There is nothing quite like a highway blockade to get the attention of authorities — and raise the ire of travelers.
Tourist activity in Huatulco was affected for several days due to a number of highway blockades set up in the Isthmus of Tehuantepec region.
The president of the Association of Hotels and Motels of Huatulco, Gustavo Ficachi Figueroa, said that as a result 12% of hotel reservations had been canceled for the Mexican Revolution holiday.
“I don’t quite understand the culture of blocking [roads], where for some nonsensical reason they close a highway, despite it being a federal crime. I don’t know where the National Guard is to guarantee free transit for all Mexicans and foreigners within the national territory,” he said.
As an example, Ficachi reported that a family of visitors from Chiapas took twice the time to travel to Huatulco, going through three blockades, and at the last one they had to pay a fee to get through.
“Ungovernability is incredible . . . these blockades not only affect hoteliers, but the entire state, because the highway is not only used by tourists, but also [to transport] medicines and supplies. We do not fully understand what four or five people gain by closing a road to have an internal problem in their municipality resolved,” he remarked.
He pointed out that tourists who travel from Chiapas have become the hotel sector’s main visitors because although Canadians are already arriving, they tend to choose Airbnb accommodations. “For tourists from Chiapas the beach is six or seven hours away so it is their weekend beach.”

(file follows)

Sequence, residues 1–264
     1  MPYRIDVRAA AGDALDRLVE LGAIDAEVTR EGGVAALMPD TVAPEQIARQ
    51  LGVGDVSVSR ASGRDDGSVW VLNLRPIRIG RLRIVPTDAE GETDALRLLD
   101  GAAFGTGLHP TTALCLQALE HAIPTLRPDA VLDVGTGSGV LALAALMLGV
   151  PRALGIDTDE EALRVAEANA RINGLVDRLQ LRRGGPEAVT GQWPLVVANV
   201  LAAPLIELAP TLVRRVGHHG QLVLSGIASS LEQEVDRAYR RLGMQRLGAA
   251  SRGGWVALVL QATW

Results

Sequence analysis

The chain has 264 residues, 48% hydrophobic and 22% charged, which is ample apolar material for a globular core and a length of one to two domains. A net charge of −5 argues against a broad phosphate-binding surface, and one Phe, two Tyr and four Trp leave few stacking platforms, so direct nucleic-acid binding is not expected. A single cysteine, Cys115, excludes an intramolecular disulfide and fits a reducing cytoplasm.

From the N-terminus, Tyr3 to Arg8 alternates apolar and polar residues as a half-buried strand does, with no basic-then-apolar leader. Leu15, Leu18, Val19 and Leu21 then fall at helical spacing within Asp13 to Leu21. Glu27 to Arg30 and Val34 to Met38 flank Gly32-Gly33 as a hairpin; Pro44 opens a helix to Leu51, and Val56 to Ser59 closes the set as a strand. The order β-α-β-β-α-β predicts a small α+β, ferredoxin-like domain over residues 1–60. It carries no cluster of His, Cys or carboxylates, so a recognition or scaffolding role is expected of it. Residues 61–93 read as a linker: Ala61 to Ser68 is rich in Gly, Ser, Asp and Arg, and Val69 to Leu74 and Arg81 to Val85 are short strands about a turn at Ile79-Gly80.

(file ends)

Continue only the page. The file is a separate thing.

The Isthmus of Tehuantepec region has been under a virtual siege by three main blockades: one by residents of Palomares, Matías Romero, on federal highway 185. The protesters have demanded that Mayor Obdulia García López release federal resources totaling 3.4 million pesos (about US $175,000) allocated for infrastructure projects.
Another blockade has been carried out by fishermen from San Francisco Ixhuatán, who blocked the Pan-American Highway in the eastern area of the Isthmus to request that the National Aquaculture and Fisheries Commission, Conapesca, open registration for BienPesca, a federal program designed to boost production for small fishing and agricultural activities.
A third blockade was set up by the Committee of Earthquake Victims on kilometer 246 of international highway 190, between Jalapa del Marqués and Tehuantepec, in El Caracol.
The four-day-long blockade was lifted Friday evening, although protesters have yet to receive any response from the state government.
They denounced what they called stubbornness and a lack of empathy by Governor Alejandro Murat to solve the problem and comply with their disaster relief payments.
The state Civil Protection office in the region reported Friday night that all roadblocks had been lifted and free transit restored by 8:40 p.m. Friday.
As was the case for the victims of the 2017 earthquake, the protesters from Palomares and Ixhuatán have warned that their blockades are not over, and that come this week they could be set up again if they don’t hear back from the state government.
Days are running short for the incumbent state administration, and the resolution to some grievances is long overdue, at least in the eyes of some of the parties.
Governor Murat, from the Institutional Revolutionary Party (PRI), will step down on Nov. 30, and Governor-elect Salomón Jara Cruz, from the ruling Morena party, will be sworn in the following day.